Tuesday, June 25, 2013

Redemption: Statham Hits London’s Mean Streets

It is not exactly “Garbo Talks,” but as hooks go, “Statham Cries” is pretty good.  The action star’s big close-up comes in the right vehicle.  In a throwback to the angry young anti-hero films Michael Caine cut his teeth on, Statham prowls the mean streets of London in screenwriter-director Steven Knight’s Redemption (trailer here), which opens this Friday in select cities.

Haunted by his war crimes, a shell-shocked former Special Forces soldier lives a homeless existence to evade a certain court martial.  Deeply traumatized by his experiences, he often suffers from flashbacks and hallucinations.  Terrorized by local thugs, “Joey” finds unlikely refuge in an exclusive hipster flat.  Unfortunately, his companion Isabel is captured and consigned to a low-end brothel. 

Using the resources of his unwitting host (conveniently abroad for the season), Joey cleans himself up and takes work as an enforcer for a Chinese crime syndicate.  With the reluctant help of inner-city mission nun Sister Cristina, Joey Jones (as he now calls himself) tries to track down Isabel.  Yet, despite his erratic behavior, a strange relationship develops between them.

Granted, the “troubled” vet is always a problematic device.  However, the film is rather sensitive in its depiction of Joey Jones, while never absolving him of his sins.  There are definitely beatdowns in Redemption, but the film is more concerned with mood and character development.  Knight demonstrates a keen understanding of tension-and-release, so when the violence flares up, it never feels gratuitous.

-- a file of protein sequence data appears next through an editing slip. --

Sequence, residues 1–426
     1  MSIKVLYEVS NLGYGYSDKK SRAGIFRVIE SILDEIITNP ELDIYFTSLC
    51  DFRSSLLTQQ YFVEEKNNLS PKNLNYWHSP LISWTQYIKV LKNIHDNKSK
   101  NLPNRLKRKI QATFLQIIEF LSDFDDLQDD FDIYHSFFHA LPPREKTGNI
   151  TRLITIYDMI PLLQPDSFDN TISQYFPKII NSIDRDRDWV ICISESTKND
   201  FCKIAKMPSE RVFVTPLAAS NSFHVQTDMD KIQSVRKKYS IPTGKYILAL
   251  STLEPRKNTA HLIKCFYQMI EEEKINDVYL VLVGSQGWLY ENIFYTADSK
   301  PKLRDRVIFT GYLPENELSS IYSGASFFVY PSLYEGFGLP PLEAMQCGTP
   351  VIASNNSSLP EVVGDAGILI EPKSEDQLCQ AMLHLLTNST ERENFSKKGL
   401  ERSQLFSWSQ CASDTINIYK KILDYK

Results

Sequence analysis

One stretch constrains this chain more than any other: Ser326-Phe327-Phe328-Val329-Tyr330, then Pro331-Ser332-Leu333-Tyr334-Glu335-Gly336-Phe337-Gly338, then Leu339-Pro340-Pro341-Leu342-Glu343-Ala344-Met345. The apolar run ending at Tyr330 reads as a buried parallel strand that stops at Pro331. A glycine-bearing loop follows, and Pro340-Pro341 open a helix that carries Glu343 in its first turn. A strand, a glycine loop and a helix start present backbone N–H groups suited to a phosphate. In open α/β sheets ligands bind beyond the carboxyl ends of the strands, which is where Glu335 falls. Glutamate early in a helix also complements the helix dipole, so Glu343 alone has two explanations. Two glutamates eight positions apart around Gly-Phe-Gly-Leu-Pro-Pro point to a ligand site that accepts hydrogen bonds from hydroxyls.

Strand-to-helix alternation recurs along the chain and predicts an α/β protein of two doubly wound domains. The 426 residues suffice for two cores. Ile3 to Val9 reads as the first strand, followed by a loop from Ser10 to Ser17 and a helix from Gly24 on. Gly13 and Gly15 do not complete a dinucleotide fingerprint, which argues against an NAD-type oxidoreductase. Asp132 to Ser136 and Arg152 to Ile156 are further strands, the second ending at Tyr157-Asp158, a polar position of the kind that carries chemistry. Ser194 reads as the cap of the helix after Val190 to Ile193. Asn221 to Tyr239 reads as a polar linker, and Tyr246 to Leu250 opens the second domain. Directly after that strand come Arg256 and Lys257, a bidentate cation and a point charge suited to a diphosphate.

Clearly, Oscar winning cinematographer Chris Menges loves the neon lights and shadows of Redemption’s nocturnal world, getting all the Miami Vice he ever had in him out of his system.  The film looks great, aside from a few awkward scenes of Jones’ delirium.  Statham is also surprisingly good as Jones, convincingly portraying his violent unpredictability.  Viewers are never quite sure how he will react in a given situation, which is a major reason why Redemption works so well.

Statham also shares some richly intriguing chemistry with Agata Buzek (the daughter of former Polish Prime Minister and Solidarity activist Jerzy Buzek), whose intelligent but tightly wound performance adds significant depth to the film.  The notion that Jones and Sister Agata are sharing a mutual “wild patch” in their lives may not exactly ring true, but it still works within the film’s dramatic context.

Knight nicely maintains the tragic logic throughout Redemption, but the NSA-ish surveillance motif book-ending the proper narrative feels wholly out of place in his street level tale.  Nonetheless, Redemption is a stylishly executed over-achiever that is only really missing the Roy Budd-inspired soundtrack.  Recommended for fans of Statham and old school payback movies, Redemption opens this Friday in New York at the Village 7.